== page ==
I had one delicious dinner of lobster stew and grilled scallops with asparagus at Bunker’s Wharf, a waterside restaurant, and one terrible dinner at the Fishermen’s Inn, also near the water in Prospect Harbor. Lunch on both days was a tasty lobster roll from a roadside trailer.

A portion of Acadia National Park is located on the Schoodic. The park drive, about 8-10 miles long, is mainly on the water, more so than the one on Mt. Desert Island. It was beautifully scenic and pleasantly uncrowded, and I drove it several times, in the rain, in the clouds, and in the sunshine. The town of Corea, at the end of the peninsula, is a picturesque fishing village which was fun to walk around.

After the Schoodic I headed to Bar Harbor, where I spent 3 nights at the Mira Monte Inn, a beautiful Victorian B&B, conveniently located right in the heart of town. I had a lovely, sun filled room with a small balcony facing the gardens, and of course, enjoyed huge homemade breakfasts every morning.

Weather was drizzly and cloudy, but it cleared up on the last day, when I drove the park loop and explored Mt. Desert Island, including Bass Harbor and SW Harbor. On the park road I was stopped by a ranger for going 40 mph in a 25 mph zone, and got off with a written warning, instead of a $120 ticket! I truly didn’t think I was going that fast but I didn’t argue. LOL! After decades of driving that would have been my second "speeding" ticket!

The drive up to Cadillac Mountain was beautiful, as were the views from the top. The afternoon was capped off with a stop at Jordan Pond for tea and popovers on the lawn. On the other days I rode the park buses and explored the town on foot, including the native museum and the pretty St. Savior’s church, with its Tiffany windows.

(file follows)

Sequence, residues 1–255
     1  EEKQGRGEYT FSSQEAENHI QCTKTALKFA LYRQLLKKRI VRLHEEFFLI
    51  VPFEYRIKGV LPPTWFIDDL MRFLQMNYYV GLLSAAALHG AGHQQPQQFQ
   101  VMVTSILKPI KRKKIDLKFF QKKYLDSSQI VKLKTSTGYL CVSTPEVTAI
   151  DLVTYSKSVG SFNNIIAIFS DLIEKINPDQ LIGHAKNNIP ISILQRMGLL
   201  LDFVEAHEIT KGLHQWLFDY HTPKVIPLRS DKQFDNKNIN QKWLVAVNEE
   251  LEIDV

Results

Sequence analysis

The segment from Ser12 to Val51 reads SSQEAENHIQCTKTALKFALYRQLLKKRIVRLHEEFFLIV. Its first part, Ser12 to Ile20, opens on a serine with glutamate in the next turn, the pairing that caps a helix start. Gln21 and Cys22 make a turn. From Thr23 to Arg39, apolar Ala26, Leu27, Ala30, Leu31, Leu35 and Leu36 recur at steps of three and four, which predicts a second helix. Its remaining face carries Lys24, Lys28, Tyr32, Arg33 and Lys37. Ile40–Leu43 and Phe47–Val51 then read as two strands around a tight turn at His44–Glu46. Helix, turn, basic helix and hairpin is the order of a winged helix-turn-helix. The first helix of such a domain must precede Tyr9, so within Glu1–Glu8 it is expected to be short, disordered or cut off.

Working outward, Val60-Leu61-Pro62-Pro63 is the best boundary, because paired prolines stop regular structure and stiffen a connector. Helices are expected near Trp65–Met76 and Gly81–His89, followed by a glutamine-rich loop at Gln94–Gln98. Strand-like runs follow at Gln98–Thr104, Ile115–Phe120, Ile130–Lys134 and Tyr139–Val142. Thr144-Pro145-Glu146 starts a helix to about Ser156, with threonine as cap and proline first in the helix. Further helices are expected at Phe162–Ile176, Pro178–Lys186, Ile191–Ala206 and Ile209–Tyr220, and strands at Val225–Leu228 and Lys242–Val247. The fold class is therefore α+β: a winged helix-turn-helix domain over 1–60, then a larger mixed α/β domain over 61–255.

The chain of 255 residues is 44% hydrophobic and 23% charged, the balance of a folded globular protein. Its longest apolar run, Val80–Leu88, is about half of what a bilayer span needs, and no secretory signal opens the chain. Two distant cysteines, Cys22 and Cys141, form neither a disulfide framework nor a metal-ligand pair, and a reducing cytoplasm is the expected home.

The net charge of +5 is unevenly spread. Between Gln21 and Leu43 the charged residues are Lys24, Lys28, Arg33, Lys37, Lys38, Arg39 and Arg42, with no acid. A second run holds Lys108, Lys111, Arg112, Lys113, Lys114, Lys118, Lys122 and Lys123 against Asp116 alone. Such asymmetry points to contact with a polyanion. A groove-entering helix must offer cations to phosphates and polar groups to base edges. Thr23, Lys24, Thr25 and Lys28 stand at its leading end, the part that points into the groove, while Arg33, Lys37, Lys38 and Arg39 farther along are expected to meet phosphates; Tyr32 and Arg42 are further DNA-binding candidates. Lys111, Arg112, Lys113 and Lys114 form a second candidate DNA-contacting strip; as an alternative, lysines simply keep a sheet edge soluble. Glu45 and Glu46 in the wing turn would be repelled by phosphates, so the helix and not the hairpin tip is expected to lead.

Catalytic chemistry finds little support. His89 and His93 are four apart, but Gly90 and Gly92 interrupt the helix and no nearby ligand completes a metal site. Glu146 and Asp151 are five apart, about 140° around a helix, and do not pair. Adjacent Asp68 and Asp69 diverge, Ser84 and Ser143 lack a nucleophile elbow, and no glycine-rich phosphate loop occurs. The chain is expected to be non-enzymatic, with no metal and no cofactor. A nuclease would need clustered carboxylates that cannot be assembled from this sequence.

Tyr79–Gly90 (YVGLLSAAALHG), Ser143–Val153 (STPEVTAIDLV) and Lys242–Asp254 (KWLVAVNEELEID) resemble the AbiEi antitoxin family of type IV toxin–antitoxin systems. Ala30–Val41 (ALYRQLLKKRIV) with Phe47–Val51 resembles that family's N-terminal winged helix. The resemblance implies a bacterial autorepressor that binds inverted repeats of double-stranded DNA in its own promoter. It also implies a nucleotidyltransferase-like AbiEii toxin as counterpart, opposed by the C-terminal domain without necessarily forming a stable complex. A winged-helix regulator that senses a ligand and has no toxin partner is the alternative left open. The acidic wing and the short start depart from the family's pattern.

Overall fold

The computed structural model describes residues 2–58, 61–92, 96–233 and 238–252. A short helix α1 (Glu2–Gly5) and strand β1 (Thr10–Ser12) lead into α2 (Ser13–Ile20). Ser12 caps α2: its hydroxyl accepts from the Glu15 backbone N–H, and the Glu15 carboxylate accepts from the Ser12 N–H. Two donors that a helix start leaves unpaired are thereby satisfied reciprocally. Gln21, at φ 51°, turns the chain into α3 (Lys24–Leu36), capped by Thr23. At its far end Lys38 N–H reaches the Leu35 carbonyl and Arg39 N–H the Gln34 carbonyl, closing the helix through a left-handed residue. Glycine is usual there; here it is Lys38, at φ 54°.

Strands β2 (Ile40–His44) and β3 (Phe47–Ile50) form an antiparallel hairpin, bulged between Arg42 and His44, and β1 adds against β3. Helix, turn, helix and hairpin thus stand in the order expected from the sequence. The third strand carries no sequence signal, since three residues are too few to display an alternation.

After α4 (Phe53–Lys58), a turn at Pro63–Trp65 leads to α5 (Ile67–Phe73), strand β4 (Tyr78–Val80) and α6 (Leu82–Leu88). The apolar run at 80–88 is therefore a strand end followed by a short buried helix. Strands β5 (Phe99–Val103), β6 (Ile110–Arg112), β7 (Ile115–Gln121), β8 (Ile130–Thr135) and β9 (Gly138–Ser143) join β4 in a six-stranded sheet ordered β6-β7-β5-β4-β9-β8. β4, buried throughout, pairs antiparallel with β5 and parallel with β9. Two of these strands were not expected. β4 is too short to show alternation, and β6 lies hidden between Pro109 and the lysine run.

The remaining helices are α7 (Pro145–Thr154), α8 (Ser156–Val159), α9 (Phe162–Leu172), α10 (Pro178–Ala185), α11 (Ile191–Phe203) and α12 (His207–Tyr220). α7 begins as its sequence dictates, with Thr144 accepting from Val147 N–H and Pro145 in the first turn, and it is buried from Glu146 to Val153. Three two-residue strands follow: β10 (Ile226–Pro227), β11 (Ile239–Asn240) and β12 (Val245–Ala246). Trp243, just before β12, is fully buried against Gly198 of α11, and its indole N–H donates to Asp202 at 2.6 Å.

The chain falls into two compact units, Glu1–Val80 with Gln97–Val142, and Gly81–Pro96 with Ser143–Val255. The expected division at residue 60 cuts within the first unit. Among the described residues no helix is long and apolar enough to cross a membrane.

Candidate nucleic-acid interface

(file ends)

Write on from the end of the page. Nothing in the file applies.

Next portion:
I stuck to restaurants in town which were all walkable from my B&B. Testa’s, Parkside Restaurant, and another that I can’t remember, which was very nice. The evenings were nice enough for al fresco dining, which I took advantage of, and ate lobster, lobster and more lobster, and enjoyed it all. Dessert was always a double scoop of Maine blueberry ice cream from the ice cream store across from the park.

Acadia was still fairly crowded that week right after Labor Day and I really enjoyed the Schoodic Peninsula more than Bar Harbor and Mt. Desert Island.

Of course, I brought home some Vermont Maple Syrup, Maine Wild Blueberry Jam, Maine Wild Blueberry Soap, and Maine Wild Blueberry Pancake Mix.

Lexington, MA, was a perfect town for a stopover on the way home - very picturesque - and the Element Hotel was very cool - brand new, sparkling and very "green", and easy to find.

Thanks to everyone who helped me with suggestions for driving directions, places to see, etc. I managed with Google directions and maps, and no GPS, and was happy to see that I could find my way from one point to another without an electronic voice telling me where to go!